Unions Criticize Bill That Aims To Boost Discipline for Calif. Health Workers
The California Nurses Association, Service Employees International Union and other groups representing health care workers are criticizing components of a bill (SB 1111) that aims to standardize the disciplinary process for licensed health professionals accused of serious wrongdoing, the Los Angeles Times reports.
A provision in the bill would require employers to report workers who are fired or suspended for misconduct. Many states have similar reporting requirements.
Gov. Arnold Schwarzenegger (R) has prioritized changes to the health worker disciplinary system since the Times and the not-for-profit news organization ProPublica published an investigative report last July that found the California Board of Registered Nursing sometimes takes years to settle misconduct complaints against nurses.
Vote on Tap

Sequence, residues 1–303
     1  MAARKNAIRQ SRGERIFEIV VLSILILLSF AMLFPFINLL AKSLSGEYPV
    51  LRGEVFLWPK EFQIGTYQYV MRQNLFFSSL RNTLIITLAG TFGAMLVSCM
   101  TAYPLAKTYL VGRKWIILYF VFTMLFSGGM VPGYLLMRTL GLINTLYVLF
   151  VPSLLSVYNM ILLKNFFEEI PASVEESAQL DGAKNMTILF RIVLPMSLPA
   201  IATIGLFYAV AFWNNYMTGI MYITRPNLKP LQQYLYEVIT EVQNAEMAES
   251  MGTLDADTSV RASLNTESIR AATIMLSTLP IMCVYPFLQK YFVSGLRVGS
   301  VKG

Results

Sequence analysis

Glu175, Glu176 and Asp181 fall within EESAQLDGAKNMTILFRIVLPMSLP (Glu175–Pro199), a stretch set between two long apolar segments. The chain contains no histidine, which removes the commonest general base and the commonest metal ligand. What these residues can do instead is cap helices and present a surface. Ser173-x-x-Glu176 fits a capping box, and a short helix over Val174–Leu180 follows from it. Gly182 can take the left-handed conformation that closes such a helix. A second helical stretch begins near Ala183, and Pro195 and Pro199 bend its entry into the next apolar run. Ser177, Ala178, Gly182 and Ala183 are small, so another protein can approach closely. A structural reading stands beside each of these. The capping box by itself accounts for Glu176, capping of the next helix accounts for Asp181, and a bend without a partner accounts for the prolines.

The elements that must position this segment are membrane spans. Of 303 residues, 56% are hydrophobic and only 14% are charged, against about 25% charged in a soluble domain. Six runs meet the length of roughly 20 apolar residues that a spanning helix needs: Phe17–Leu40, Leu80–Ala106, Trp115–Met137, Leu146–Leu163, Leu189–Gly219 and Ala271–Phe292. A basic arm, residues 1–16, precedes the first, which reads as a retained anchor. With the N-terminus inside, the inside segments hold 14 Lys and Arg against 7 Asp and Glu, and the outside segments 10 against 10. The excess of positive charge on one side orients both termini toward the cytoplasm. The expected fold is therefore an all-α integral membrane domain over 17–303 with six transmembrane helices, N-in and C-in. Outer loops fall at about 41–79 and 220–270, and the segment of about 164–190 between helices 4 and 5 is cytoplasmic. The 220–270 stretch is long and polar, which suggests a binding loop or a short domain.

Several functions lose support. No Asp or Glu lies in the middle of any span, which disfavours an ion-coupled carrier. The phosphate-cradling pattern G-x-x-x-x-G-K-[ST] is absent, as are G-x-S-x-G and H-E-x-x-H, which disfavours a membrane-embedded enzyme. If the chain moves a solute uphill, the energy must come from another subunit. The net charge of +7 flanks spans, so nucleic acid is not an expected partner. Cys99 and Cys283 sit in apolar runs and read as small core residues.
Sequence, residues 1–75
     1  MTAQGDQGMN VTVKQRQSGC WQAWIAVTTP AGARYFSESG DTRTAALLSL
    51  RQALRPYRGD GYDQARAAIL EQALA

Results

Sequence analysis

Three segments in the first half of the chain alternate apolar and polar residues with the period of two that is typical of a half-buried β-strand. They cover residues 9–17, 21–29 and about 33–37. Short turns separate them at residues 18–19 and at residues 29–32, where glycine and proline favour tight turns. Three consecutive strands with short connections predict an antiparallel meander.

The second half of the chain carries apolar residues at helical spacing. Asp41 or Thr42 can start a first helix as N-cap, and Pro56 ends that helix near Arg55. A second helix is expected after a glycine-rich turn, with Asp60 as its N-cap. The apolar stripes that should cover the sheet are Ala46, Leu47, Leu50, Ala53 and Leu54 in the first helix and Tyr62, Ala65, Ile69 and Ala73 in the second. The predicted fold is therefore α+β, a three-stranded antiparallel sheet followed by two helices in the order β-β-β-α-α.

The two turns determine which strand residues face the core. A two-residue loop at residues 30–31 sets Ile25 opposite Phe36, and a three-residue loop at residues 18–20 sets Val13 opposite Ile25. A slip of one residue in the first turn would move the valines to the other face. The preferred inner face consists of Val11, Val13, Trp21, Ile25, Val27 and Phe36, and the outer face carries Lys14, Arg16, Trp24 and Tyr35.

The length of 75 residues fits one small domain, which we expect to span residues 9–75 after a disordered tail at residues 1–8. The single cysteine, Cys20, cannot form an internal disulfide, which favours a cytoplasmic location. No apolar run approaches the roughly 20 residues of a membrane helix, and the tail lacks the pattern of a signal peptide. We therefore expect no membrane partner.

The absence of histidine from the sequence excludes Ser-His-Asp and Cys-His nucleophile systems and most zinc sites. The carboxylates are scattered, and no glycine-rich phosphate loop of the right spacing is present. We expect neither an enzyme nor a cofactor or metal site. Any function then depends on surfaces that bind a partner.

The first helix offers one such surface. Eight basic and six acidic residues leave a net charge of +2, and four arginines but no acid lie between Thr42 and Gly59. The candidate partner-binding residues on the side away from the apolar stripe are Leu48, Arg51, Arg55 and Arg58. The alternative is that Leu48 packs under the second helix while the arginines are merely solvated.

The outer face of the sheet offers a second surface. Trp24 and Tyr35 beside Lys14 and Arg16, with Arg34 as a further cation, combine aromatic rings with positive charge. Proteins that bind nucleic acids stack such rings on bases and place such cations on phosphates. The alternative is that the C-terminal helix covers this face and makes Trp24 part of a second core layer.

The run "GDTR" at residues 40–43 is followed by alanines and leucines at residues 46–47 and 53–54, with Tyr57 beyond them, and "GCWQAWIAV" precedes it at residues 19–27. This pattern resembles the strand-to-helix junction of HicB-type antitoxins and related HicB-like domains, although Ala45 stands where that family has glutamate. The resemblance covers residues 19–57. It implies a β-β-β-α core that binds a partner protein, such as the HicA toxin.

Today, the Senate Committee on Business, Professions and Economic Development is set to vote on the legislation. If the panel does not advance the bill, it will be dead for the session.
Committee Chair Gloria Negrete McLeod (D-Chino) said she is uncertain whether the measure has enough votes to move forward.
Union Positions on Bill
In the letters to the Senate panel, the unions said they support many pieces of the legislation, including efforts to speed up the disciplinary process and grant the Board of Registered Nursing the authority to hire its own investigators.
However, the letters also objected to elements of the bill that they said could undermine workers' rights to due process.
In addition, the nurses association said the reporting requirement could punish whistleblowers who are unfairly terminated by their employers (Weber/Ornstein, Los Angeles Times, 4/17).This is part of the California Healthline Daily Edition, a summary of health policy coverage from major news organizations. Sign up for an email subscription.